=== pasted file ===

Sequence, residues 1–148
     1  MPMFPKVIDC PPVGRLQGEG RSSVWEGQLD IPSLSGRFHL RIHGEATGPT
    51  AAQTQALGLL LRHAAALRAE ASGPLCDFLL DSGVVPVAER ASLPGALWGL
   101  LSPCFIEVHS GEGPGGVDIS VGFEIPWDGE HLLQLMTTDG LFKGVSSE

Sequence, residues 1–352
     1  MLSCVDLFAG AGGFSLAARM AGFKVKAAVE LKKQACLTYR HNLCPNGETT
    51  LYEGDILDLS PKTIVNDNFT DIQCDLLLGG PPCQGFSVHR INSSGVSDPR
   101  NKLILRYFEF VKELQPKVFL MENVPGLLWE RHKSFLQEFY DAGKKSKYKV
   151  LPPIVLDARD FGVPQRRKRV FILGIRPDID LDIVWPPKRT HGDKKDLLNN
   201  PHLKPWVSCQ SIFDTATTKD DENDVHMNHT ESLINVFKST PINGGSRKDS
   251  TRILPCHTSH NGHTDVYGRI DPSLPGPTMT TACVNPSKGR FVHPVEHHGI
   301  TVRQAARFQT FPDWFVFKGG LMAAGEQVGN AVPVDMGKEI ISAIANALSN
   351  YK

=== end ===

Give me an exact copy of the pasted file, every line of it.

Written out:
Sequence, residues 1–148
     1  MPMFPKVIDC PPVGRLQGEG RSSVWEGQLD IPSLSGRFHL RIHGEATGPT
    51  AAQTQALGLL LRHAAALRAE ASGPLCDFLL DSGVVPVAER ASLPGALWGL
   101  LSPCFIEVHS GEGPGGVDIS VGFEIPWDGE HLLQLMTTDG LFKGVSSE

Sequence, residues 1–352
     1  MLSCVDLFAG AGGFSLAARM AGFKVKAAVE LKKQACLTYR HNLCPNGETT
    51  LYEGDILDLS PKTIVNDNFT DIQCDLLLGG PPCQGFSVHR INSSGVSDPR
   101  NKLILRYFEF VKELQPKVFL MENVPGLLWE RHKSFLQEFY DAGKKSKYKV
   151  LPPIVLDARD FGVPQRRKRV FILGIRPDID LDIVWPPKRT HGDKKDLLNN
   201  PHLKPWVSCQ SIFDTATTKD DENDVHMNHT ESLINVFKST PINGGSRKDS
   251  TRILPCHTSH NGHTDVYGRI DPSLPGPTMT TACVNPSKGR FVHPVEHHGI
   301  TVRQAARFQT FPDWFVFKGG LMAAGEQVGN AVPVDMGKEI ISAIANALSN
   351  YK